Tannh&#228;user, Royal Opera House, London<br/>The Bach Pilgrimage, Cadogan Hall, London

A difficult opera is sumptuously sung and lavishly staged, but why were there so many chairs?

Anna Picard
Sunday 19 December 2010 01:00

Seldom staged in this country, Tannhäuser is Wagner's problem child, a canker of frustrated ambition even in the composer's last days, spent battling angina and flatulence with valerian drops and daily massages in his Venetian palazzo.

For part-time Wagnerians, used to hearing the torchlit grandeur of the Overture and Venusberg Music in concert, the prolixity and piety of the full opera may come as an unpleasant surprise. In Tannhäuser, we have a singing competition without the (qualified) happy ending of Die Meistersinger, Dresden Amens of limited redemptive power, and a compulsive hero without the self-mortifying heroism of Tristan, the Dutchman or Amfortas.

Blessed with a voice to charm the ears of goddesses and scandalise the repressed citizens of mediaeval Wartburg, Tannhäuser is torn, voluptuously and lengthily, as Wagner himself repeatedly was, between an ascetic ideal of virginal womanhood and the allure of a sexual virtuoso. For committed listeners, this is the opera you study to enhance understanding of Wagner's other operas. But can it work as a piece of theatre? Semyon Bychkov, conductor of the first Royal Opera House production since 1987, clearly believes it can.

Spacious in tempi and cinematic in detail, Bychkov's Tannhäuser is an inexorable river of sound, sometimes sparkling with sunlight and oxygen, sometimes still, sucking the listener down to the lightless, airless silt of shame and despair. The same elemental force can be heard in Johan Botha's heldentenor, though it is debatable whether Tim Albery's staging and Michael Levine's set designs would feature so many chairs were it not for the physical bulk of their leading man.

Gilt chairs litter Albery's Tann-häuser, first hurled across a scale model of the Covent Garden proscenium arch in Jasmin Vardimon's choreography of the orgy, then dotted about the shattered theatre that stands for the Hall of Song. Movement, rather than sex, distinguishes Venusberg from Wartburg, a bounding, leaping physicality. This mitigates Botha's limitations. Weary of Michaela Schüster's serpentine Venus and the gymnastic ecstasies of her followers, he sits for much of Act I, only kneeling when another chair can be used for support.

A passing reference to civil war is the trigger for a setting more suggestive of Chechnya than Thuringia. Acts II and III reveal progressive disintegration, the theatre now populated by grizzled, gun-toting partisans and meek women in headscarves. Clichéd as the costumes and movements are (Eva-Maria Westbroek shakes loose her hair to signal Elizabeth's love for the rebel singer), not to mention the candles, Albery respects the pace of Wagner's score, aided by the slow glow of David Finn's lighting. The Pilgrims' Chorus, sung by a choir of 100 and crowned by the Shepherd Boy's (Alexander Lee) innocent contemplation of the green sapling that stands for divine mercy, is stunning.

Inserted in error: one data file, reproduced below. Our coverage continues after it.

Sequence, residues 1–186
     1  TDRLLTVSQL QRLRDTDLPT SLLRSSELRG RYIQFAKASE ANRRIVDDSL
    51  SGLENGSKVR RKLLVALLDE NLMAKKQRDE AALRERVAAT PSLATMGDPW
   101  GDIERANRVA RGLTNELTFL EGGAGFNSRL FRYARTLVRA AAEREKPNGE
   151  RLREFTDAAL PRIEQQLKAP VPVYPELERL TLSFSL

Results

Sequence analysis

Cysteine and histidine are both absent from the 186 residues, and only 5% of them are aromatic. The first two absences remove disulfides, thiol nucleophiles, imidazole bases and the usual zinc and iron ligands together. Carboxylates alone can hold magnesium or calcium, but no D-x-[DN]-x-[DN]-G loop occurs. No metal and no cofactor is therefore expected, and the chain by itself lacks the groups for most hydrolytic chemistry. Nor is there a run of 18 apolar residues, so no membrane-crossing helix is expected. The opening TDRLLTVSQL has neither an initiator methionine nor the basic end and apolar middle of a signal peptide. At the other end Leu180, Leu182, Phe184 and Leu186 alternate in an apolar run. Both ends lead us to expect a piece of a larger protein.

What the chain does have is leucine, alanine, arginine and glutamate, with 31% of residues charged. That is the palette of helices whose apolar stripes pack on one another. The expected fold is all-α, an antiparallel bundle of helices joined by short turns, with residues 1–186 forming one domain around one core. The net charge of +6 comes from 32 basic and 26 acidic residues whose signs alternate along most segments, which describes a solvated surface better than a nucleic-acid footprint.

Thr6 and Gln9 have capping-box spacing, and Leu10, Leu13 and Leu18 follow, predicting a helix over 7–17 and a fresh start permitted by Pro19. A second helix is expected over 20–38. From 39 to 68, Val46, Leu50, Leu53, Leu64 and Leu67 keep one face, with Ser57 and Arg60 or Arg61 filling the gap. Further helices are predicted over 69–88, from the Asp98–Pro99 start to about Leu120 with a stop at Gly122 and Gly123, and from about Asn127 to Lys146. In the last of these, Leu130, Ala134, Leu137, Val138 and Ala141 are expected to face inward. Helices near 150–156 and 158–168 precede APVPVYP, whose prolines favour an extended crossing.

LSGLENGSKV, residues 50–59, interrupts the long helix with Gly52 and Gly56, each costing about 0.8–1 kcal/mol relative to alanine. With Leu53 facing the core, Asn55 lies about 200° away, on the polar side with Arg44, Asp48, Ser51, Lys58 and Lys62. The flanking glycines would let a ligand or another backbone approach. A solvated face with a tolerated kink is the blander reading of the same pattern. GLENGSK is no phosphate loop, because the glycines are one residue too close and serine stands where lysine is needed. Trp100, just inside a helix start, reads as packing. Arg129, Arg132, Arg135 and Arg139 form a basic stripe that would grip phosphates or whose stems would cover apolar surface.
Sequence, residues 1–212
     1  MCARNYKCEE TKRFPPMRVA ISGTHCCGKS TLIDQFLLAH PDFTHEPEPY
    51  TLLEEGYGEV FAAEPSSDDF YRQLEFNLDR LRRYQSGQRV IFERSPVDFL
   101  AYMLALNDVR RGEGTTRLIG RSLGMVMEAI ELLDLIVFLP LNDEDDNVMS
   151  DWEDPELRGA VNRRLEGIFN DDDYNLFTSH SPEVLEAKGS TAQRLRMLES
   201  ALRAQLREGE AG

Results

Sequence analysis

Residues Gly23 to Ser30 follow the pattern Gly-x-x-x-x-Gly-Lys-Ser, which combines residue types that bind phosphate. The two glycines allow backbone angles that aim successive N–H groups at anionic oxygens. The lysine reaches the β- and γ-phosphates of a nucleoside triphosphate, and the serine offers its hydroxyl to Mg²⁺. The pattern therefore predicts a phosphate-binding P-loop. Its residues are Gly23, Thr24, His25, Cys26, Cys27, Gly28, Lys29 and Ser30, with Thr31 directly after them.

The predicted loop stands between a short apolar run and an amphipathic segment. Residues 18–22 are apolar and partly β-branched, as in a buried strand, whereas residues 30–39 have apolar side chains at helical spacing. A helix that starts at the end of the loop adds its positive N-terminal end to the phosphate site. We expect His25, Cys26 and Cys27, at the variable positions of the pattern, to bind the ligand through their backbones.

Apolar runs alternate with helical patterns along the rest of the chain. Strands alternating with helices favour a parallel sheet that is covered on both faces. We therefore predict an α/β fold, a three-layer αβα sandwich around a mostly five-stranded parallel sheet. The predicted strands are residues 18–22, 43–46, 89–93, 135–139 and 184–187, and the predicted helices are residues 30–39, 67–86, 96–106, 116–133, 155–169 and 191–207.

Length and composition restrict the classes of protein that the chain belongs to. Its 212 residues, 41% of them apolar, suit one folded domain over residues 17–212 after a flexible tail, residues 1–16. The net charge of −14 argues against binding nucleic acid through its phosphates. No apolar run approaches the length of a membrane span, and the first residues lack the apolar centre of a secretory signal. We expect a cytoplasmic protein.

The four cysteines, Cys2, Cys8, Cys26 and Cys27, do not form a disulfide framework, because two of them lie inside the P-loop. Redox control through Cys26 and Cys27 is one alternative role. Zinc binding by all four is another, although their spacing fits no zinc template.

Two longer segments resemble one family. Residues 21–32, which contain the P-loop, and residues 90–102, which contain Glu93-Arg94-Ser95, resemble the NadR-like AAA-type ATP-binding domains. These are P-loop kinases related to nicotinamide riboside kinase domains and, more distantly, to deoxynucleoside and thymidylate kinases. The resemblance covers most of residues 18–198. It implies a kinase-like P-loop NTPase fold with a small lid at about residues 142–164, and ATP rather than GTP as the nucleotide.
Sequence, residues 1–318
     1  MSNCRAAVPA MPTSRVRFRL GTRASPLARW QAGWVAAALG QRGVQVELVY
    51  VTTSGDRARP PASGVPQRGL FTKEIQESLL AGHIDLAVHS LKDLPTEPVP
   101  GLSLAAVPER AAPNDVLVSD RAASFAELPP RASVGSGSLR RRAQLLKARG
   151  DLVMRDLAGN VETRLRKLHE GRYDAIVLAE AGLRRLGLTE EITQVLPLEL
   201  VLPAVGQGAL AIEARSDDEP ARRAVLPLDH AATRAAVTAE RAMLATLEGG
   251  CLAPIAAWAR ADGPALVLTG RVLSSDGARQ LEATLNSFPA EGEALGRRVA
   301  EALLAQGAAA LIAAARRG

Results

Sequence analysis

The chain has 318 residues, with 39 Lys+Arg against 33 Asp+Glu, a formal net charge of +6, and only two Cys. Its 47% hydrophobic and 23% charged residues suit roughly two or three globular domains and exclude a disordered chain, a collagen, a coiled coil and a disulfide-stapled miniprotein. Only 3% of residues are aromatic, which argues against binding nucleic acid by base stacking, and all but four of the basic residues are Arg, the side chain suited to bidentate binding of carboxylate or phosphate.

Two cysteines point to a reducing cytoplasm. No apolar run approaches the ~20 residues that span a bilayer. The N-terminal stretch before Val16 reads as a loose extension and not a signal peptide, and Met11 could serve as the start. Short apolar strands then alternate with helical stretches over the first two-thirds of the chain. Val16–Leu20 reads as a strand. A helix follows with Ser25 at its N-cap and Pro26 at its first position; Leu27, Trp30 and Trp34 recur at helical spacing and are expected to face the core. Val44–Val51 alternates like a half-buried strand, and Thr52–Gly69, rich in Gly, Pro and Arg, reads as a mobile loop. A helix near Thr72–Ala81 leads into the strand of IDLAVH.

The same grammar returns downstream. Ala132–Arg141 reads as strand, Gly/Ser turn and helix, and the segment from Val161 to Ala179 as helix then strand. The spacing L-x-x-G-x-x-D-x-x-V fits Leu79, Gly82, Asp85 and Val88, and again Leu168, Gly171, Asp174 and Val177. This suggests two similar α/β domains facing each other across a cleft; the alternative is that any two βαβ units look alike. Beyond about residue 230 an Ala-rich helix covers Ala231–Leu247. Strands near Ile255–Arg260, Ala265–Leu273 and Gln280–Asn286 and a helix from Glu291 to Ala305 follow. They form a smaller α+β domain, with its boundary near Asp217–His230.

"Men are fools when it comes to sex," observed a male friend at the second interval. Indeed. It is difficult to sympathise with Wagner's vacillating hero, or the women who love him in their different ways, or the joyless Minnesänger who condemn his paean to physical love, though zealous Walther is attractively sung by Timothy Robinson. Even the Pope has feet of clay in Tannhäuser. Transcendent in self-sacrifice, Westbroek delivers a radiant Act II aria and shimmering Prayer. But you want to shake her for choosing Tannhäuser over Christian Gerhaher's Wolfram. His perilously slow "Blick, ich umher" is heavy with concealed devotion, each consonant a quickening in Wartburg's moribund soundworld, while Hymn to the Evening Star is a miracle of word- and colour-sensitivity. For this alone, a few hours of psycho-sexual bunkum, theatrical compromise and chair abuse is a fair exchange.

Ten years ago, John Eliot Gardiner completed The Bach Pilgrimage, a project of Wagnerian chutzpah that took The Monteverdi Choir and the English Baroque Soloists across Europe and to New York, performing all 198 surviving Church Cantatas. Four of them were featured in last Sunday's anniversary concert, which was hosted by Catherine Bott and recorded for Radio 3. On-stage interviews are a pet hate of mine, and here, the time devoted to talk was approximately equal to the time devoted to performance. The orchestral playing was, of course, divine, most particularly in Kati Debretzni's muted violin obbligato in Schwingt freudig euch empor (BWV 36) and the furious clatter of growling strings and warning brass in Peter Harvey's Day of Judgement recitative in Wachet! betet! betet! wachet! (BWV 70). The Monteverdi Choir sang with customary precision. Rarely, however, was there any spontaneity or uninhibited expressivity.

'Tannhäuser' (020-7304 4000) to 2 Jan. Bach broadcast: 21 Dec, Radio 3

Next Week:

Anna Picard dreams of home in Gurney's Ludlow and Teme

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